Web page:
On Mon, 20 Nov 2000 19:08:10 -0500 Steve Freides <email@example.com> writes:
> I just took delivery of a used Ideale Model 6 I bought on ebay, and the
> shape is a bit funny - at the narrow part of the saddle, near the nose,
> the leather flares out more than it should. It looks like applying some
> gentle pressure and leaving it on there might reshape it.
> In other words, when you look at the saddle from the top, it's looks
> almost triangular instead of being narrow from the top down and then
> widening rather quickly towards the bottom.
> Suggestions on exactly how to do this, please? Do I need to apply goop
> of some sort first, and how should I restrain the leather?
I have had some success reshaping a couple of saddles (acquired from the dump - so I didn't stand to lose much if I ruined them :-). Essentially, get the leather wet so that it's pliable and use whatever collection of straps, Ace bandages, or rope is handy to pull it into shape, then let it dry a couple of days. They seem to hold the shape pretty well. I didn't touch the tension nut before or after, except on one that was really slack and soft. A good coat Proofide afterward wouldn't hurt. The ones I salvaged had evidently been in the rain a bit, and were dry as a cracker; the Proofide really helped.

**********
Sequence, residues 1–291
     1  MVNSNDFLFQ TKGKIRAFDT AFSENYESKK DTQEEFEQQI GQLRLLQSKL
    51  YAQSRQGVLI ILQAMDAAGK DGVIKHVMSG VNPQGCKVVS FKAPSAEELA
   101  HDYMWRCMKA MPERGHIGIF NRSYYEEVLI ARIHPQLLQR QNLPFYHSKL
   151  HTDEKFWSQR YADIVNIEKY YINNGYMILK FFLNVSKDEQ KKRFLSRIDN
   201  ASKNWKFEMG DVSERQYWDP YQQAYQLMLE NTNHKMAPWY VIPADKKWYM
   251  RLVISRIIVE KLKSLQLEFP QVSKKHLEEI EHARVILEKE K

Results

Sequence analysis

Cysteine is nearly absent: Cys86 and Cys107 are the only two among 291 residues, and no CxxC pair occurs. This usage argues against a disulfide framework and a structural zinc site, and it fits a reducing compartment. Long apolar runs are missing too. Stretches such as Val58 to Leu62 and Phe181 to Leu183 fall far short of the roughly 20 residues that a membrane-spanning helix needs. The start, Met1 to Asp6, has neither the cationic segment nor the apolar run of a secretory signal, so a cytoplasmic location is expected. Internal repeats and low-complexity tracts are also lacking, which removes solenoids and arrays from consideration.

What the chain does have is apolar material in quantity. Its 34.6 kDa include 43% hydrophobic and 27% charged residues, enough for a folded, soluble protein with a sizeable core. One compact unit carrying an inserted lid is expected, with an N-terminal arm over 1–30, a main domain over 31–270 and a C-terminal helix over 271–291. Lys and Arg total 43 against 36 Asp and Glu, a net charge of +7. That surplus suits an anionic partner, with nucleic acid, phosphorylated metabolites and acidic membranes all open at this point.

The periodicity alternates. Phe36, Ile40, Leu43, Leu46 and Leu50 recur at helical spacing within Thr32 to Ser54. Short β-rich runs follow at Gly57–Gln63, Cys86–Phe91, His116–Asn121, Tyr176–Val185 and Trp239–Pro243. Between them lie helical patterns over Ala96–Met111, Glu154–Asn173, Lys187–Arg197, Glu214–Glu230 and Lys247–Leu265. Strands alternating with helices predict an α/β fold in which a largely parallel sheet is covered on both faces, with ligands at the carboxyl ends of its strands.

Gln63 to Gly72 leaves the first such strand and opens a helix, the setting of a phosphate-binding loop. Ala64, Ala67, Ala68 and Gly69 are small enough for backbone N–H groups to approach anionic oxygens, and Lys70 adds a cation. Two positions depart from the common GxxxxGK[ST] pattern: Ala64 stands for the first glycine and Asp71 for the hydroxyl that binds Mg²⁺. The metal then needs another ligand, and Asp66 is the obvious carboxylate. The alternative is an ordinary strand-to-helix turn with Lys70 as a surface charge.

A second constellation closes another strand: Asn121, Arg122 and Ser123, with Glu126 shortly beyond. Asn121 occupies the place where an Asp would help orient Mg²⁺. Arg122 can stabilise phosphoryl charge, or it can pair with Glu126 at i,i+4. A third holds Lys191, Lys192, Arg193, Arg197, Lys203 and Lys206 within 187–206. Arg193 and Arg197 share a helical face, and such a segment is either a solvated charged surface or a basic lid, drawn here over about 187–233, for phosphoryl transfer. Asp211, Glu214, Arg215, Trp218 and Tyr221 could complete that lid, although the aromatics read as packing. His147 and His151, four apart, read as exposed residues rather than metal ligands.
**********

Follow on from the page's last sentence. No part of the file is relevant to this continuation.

I saw someone on the web who advocated soaking the saddle in a bucket of water. I just wetted the underside until the leather was damp.
Oh yeah, you could use rags as padding so the straps (or whatever) don't dig in.
My guinea pigs were a Wrights W3ST and a (really, really rough) Ideale 90 (I think it's a 90. The model stamp is really hard to read, and gone on one side - that's how weathered it is. The shape came back pretty well though). Not sure I'd have the guts to try this on a saddle that's really worth something.
Karl Frantz Sterling, Massachusetts -------------------------------------------------- Karl.Frantz@juno.com